Modern heavy goods vehicles fitted with SCR technology are required to use AdBlue by law. As of October 2006, all vehicles above 7.5 tonnes are manufactured with this technology. This includes industrial vehicles, buses and trucks. Your diesel fuel will never come into contact with the solution as it is stored in its own designated tank with a sensor system and gauge. It is sprayed onto the exhaust fumes soon after combustion and works from there.


To comply with Euro 6 regulations, many new diesel-powered cars built since 2016 utilise Selective Catalytic Reduction (SCR) technology to inject small amounts of AdBlue into the car’s exhaust gases. When this solution combines with the exhaust emissions, it breaks down the harmful mono-nitrogen oxides present in diesel exhaust. This technology has been employed in buses and heavy lorries for a considerable period, hence its efficacy has been demonstrated, and its dependability is currently better than ever.

Manufacturers have not yet provided any data indicating that AdBlue has a detrimental impact on fuel consumption. In the United Kingdom, the economy figures for a new diesel car on the market will consider any effects resulting from the use of AdBlue.

Advancements in engine technology, alterations in the methodology of calculating economy figures, and various other factors make it essentially impossible to identify differences in fuel consumption solely attributed to the use of AdBlue when comparing new and older cars.

AdBlue is a non-toxic liquid that has a transparent appearance and is essentially a solution of water and urea, a compound present in urine. However, the urea used in AdBlue is of an exceptionally pure and higher grade than the urea employed in cosmetics, adhesives, or fertilizers. Similarly, the water used in AdBlue is demineralised, making it significantly cleaner than tap water.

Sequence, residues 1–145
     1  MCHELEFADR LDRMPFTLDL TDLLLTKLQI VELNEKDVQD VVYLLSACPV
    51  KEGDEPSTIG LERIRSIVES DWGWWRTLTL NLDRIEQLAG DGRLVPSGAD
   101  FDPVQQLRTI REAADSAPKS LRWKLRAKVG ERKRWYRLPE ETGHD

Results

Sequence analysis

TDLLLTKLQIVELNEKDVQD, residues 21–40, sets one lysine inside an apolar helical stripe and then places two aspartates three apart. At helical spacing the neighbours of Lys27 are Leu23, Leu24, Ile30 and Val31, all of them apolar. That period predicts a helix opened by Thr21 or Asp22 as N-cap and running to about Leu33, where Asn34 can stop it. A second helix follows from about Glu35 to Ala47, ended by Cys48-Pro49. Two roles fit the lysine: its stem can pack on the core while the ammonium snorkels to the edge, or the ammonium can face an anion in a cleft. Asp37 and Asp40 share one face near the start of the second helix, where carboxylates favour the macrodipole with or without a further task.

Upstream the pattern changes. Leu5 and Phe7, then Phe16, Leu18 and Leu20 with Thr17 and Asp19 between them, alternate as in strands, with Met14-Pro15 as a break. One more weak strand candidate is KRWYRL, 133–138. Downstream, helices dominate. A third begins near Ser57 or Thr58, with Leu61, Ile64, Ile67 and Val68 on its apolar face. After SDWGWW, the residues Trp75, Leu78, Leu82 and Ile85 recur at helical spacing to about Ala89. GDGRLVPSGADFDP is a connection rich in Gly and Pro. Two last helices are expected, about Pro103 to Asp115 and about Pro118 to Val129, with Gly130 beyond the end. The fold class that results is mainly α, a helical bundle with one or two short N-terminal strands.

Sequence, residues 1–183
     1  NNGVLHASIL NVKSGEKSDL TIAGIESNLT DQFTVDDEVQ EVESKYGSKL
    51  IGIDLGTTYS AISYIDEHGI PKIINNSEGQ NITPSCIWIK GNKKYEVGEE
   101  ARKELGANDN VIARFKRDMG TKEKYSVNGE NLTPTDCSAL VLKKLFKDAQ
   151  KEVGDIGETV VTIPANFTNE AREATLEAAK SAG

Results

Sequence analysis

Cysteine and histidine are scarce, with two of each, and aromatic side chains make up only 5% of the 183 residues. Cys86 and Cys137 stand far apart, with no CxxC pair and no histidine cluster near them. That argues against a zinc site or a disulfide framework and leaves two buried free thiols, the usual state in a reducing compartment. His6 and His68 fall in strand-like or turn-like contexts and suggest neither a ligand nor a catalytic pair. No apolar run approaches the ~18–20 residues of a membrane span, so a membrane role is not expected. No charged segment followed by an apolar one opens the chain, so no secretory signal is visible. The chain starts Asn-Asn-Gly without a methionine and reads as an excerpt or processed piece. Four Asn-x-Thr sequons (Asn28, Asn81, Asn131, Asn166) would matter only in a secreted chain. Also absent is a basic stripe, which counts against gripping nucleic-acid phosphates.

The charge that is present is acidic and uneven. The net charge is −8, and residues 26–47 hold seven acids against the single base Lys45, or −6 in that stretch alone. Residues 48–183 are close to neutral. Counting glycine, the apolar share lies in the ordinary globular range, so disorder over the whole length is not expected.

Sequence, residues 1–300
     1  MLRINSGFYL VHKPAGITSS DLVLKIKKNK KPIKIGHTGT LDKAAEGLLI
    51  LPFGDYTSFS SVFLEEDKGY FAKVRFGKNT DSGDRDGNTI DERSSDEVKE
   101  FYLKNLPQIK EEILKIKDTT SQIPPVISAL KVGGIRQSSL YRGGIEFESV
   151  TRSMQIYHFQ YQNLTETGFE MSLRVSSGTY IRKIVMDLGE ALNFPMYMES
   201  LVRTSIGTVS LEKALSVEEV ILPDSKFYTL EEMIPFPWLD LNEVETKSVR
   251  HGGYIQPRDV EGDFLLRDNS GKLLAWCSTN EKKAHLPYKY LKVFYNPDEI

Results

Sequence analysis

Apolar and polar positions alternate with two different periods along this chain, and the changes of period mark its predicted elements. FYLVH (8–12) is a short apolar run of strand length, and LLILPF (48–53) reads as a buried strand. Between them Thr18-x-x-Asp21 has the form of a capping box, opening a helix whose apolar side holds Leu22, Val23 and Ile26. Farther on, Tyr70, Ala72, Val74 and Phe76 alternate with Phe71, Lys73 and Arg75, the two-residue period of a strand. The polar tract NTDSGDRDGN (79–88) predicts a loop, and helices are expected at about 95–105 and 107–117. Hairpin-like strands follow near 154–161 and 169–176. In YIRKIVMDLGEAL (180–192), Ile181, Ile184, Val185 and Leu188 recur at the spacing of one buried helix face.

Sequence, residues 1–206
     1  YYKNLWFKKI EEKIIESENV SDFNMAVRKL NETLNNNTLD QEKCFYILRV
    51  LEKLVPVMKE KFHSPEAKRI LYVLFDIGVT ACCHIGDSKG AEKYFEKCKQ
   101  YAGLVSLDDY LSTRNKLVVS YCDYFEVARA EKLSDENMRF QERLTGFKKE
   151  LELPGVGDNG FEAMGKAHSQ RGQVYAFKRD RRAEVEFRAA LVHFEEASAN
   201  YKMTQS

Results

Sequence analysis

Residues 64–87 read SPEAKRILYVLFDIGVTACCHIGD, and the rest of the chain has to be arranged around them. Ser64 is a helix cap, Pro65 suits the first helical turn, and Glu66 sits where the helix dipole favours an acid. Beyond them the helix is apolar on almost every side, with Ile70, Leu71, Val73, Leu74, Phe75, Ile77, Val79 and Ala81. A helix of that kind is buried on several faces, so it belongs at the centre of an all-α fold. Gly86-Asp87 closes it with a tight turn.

Your AdBlue levels should be checked and topped up at every service and your dealer will happily refill it at other times when required but this is rarely the cheapest option. AdBlue is also sold in bottles at fuel stations and you can also order it online.

On various popular diesel models, the AdBlue filler is positioned behind the vehicle’s fuel filler cap. It is typically smaller in size compared to the main fuel filler and is distinguished by a blue cap and clear markings indicating that it is exclusively intended for AdBlue usage.

If you are uncertain about how to refill your car’s AdBlue, it is advisable to consult the owner’s manual for instructions on accessing the AdBlue tank. It should not be a complex process. Additionally, it is a good idea to request the salesman to demonstrate how to refill the AdBlue during the handover of a new car.

Another alternative for refilling your AdBlue tank is to utilize an AdBlue pump. These pumps are commonly available at major filling stations, particularly in the HGV (Heavy Goods Vehicle) lanes. Some pumps are equipped with separate fueling nozzles for HGVs and cars.

AdBlue pumps are primarily intended for use by truckers and are often more cost-effective and less messy than attempting to refill your tank using a plastic bottle. Initially, filling stations with AdBlue pumps were primarily limited to main routes and motorways, but their availability has increased in recent years with the addition of more stations offering this facility.

All diesel cars that utilise AdBlue will provide you with plenty of warning if you’re running low. You’ll typically receive a dashboard notification at around 1,500 miles before running out, accompanied by an amber warning light. This warning will persist every time you restart your car until the AdBlue levels have been topped up to the desired level.

Disregarding the AdBlue warning light on your dashboard is strongly discouraged in all circumstances. If you continue driving without sufficient AdBlue, your car’s performance is likely to be affected as it enters “limp mode,” reducing your driving speed and potentially disabling certain features like the stereo or air conditioning to conserve power and reduce emissions output.

In most modern vehicles, once you come to a stop, the car cannot be restarted if the AdBlue tank is completely empty. However, this situation can be easily avoided as AdBlue refills are simple to perform and typically inexpensive if you compare prices and carry out the refill yourself.